Sunday, January 15, 2006

Just For Kidz: Where’s Frank Drinking Egg Nog?

Hey, kidz! Now that Frank is back from holiday vacation, the question is: Where was he? Tahiti? New York City? The Taj Mahal? Nope – he was visiting his girlfriend Stephanie’s relatives. Play this quiz and try to guess where they were:

1. When we met with some old friends and wanted to hang out after 9 pm, the only place to go was:

a. the local bar
b. the local nightclub
c. the local brewpub
d. the local Wal-Mart

2. While playing “school” with Steph’s seven-year-old niece, we listened to her sing along with:

a. nursery rhymes
b. Disney songs
c. a Hilary Duff album
d. a song called “She Thinks My Tractor is Sexy”

3. The local video store, which carried our film “Buttleman” for a brief time, was closed for selling:

a. pirated movies
b. broken tapes
c. adult videos
d. crank

4. The most popular lawn ornament in town is:

a. gnomes
b. geese
c. windmills
d. posters of the Ten Commandments

If you answered ‘d’ to all of the above, you win. So, where did Stephanie grow up? The answer to today’s Geo-quiz is: Cliché, KY! Actually, Princeton.

The town of Princeton is nearly the center of a huge bull’s-eye in the heartland of America, where the borders of Illinois, Indiana, Missouri, Tennessee, Arkansas and Kentucky crisscross. The nearest airport, just two hours away, is Nashville. The nearest hotspots (places that have bars) are Clarksville, TN, Paducah, KY and Metropolis, IL. A plaque in the center of town marks it as a stop on the Trail of Tears. Two monuments in front of City Hall commemorate American soldiers – one of them is dedicated to Confederate martyrs.

Every day I took a walk through town. I loved the architecture of the town – I miss brick buildings. Everything in LA is stucco and Spanish mission. Having grown up outside of Chicago, surrounded by brick factories and warehouses and complexes with a century or more of decay, I never thought of brick as anything special at all – it was everywhere. But there’s something fixed and grandfatherly that brick lends to a structure, which makes everything here seem flimsy and slapdash. LA was built by the first two pigs, and you know that worked out. No wolf could blow down Chicago.

To give you an idea of how much brick is a part of my childhood, the place I grew up, Park Ridge, IL, was originally called Brickton. I grew up in a completely different cliché – the town that the Tom Hanks 80’s movie “The Burbs” was based on. Literally. The screenwriter went to my high school. In fact, he named the fictional quintessential burb with a nod to his hometown’s history: it was called Brickton, too.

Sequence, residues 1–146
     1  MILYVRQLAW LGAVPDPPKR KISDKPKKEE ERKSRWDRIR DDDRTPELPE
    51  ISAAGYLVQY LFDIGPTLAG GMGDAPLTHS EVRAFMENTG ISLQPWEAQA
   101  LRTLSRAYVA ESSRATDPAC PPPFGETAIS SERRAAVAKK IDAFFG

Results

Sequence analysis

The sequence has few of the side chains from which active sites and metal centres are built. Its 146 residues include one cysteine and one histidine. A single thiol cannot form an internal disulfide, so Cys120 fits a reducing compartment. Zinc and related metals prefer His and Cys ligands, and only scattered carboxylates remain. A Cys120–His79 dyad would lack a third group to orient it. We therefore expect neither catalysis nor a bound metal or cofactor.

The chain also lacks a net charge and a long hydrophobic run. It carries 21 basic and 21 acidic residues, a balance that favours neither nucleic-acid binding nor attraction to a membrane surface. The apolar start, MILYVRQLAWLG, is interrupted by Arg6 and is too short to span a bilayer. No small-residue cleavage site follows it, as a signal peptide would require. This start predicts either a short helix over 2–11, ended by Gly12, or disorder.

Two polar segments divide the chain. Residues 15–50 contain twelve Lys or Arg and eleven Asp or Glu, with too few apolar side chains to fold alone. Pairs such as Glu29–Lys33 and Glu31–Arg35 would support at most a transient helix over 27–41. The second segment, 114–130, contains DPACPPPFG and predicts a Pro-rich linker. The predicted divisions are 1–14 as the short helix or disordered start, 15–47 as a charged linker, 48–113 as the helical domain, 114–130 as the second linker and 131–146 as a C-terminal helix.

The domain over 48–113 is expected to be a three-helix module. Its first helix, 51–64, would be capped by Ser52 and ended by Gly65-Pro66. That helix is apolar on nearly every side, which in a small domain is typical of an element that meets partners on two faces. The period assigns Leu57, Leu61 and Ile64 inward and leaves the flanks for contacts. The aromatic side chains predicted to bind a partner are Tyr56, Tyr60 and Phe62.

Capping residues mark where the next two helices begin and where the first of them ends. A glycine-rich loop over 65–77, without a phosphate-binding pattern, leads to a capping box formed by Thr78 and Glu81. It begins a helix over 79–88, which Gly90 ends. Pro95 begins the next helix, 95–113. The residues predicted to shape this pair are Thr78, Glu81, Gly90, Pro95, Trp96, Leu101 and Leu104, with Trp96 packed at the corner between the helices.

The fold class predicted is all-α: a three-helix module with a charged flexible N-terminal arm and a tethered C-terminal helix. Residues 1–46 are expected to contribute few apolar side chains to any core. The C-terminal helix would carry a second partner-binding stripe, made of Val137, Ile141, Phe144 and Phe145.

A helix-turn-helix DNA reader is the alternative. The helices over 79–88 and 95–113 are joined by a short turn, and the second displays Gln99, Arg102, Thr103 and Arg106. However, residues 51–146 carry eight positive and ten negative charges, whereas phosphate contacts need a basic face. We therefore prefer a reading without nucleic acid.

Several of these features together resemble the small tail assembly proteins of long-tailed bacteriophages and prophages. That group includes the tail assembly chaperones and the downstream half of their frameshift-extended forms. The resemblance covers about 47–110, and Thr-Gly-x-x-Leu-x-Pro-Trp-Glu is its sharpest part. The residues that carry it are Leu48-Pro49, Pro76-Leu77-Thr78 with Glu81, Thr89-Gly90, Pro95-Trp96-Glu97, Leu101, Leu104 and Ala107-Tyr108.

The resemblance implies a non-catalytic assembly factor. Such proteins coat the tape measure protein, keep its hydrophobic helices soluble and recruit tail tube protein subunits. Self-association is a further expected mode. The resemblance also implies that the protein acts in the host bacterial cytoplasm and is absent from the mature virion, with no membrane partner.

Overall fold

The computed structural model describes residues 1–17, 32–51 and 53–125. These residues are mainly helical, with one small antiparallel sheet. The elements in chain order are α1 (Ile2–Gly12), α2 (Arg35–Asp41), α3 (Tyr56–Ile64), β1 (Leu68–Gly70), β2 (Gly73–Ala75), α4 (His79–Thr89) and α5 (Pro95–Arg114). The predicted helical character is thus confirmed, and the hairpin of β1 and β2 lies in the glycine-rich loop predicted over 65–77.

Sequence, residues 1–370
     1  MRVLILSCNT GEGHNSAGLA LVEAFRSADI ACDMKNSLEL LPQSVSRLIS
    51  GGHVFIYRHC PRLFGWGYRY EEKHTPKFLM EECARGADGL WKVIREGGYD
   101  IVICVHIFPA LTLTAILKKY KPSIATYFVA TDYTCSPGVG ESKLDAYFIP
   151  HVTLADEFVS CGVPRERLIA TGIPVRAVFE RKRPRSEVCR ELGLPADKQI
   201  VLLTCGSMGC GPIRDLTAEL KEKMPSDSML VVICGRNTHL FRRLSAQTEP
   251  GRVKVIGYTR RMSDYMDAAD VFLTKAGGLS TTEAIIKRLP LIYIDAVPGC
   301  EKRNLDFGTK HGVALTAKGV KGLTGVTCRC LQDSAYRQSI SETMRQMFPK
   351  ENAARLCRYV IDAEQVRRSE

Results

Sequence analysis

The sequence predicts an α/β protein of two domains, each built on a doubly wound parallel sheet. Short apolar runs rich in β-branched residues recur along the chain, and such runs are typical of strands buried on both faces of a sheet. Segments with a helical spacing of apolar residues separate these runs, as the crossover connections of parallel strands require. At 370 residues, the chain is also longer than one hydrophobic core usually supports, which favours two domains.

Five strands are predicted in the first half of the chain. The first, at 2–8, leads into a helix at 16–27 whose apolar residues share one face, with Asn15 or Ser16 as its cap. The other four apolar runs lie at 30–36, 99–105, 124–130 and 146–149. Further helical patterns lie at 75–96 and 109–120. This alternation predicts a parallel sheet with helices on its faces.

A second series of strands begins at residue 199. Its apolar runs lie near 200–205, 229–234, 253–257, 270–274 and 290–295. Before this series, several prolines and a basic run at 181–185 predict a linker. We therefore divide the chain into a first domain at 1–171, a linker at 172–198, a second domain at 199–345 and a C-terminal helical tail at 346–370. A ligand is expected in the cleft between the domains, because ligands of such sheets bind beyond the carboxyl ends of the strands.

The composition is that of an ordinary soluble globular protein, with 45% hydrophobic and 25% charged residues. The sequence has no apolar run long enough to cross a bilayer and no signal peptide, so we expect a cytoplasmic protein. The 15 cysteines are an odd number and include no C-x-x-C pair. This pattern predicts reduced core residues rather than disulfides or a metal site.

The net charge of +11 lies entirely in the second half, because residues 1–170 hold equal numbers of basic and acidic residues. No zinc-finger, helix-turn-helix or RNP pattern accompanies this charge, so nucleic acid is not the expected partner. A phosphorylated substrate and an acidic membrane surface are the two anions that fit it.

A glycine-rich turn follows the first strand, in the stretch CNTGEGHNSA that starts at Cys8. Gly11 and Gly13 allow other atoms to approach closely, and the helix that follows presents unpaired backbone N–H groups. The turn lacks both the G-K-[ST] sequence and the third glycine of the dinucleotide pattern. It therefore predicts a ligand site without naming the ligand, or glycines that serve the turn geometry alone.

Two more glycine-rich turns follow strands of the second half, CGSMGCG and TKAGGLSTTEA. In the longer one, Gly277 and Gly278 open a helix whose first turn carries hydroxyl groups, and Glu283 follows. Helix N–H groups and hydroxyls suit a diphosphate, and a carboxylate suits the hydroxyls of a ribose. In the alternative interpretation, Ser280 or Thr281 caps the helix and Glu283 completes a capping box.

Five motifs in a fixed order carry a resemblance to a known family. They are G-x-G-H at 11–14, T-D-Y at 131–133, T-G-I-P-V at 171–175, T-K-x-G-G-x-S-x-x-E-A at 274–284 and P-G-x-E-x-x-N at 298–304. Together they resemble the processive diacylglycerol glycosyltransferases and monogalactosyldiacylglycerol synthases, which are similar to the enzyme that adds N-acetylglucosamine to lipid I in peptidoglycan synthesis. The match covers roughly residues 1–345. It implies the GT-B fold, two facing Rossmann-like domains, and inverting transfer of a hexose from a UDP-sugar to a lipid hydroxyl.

Steph’s family is not a cliché by any stretch. She spent more than half her childhood in Scotland; her family has seen the world. They share none of the attitudes or views that are typically associated with provincial, small-town Americans. Her niece is exceptionally bright (she plays “school” when she’s not in school). Steph’s brother John Paul draws the distinction without apology: “I’m not a redneck, but I am countrified.”

One of my favorite moments on the trip was going with Steph while she visited her family doctor, Dr. Settle. He is the same doctor who brought Steph into the world, making a joke about losing his watch. Now close to retirement, his sense of humor and his passionate concern are still strong. He lectured Steph’s dad about smoking, even though he knows he quit. He tested Steph for strep, even though he suspected she just had the flu. I think the biggest loss we’ve suffered by the medical industry is the family doctor. I’ve never trusted a doctor from an HMO, so-called “family practitioners” who act as if they’re paid to tell you to ignore it and don’t expect to ever see you again. I trust Dr. Settle.

At one point on the trip her family recounted a harrowing and incredibly – shockingly – unjust incident one of them experienced with the law in a nearby berg. It resulted in them being jailed – innocently – by a sheriff who would later be brought down by the FBI for drugs and corruption. I made the offhand comment that if it happened to me, I’d move out of the whole damn state. The rest of the family was silent. I felt ashamed for the remark. I guess there’s a virtue in refusing to give up on your hometown. I got out of the burbs. Steph got out of the country. But for many people, home is home.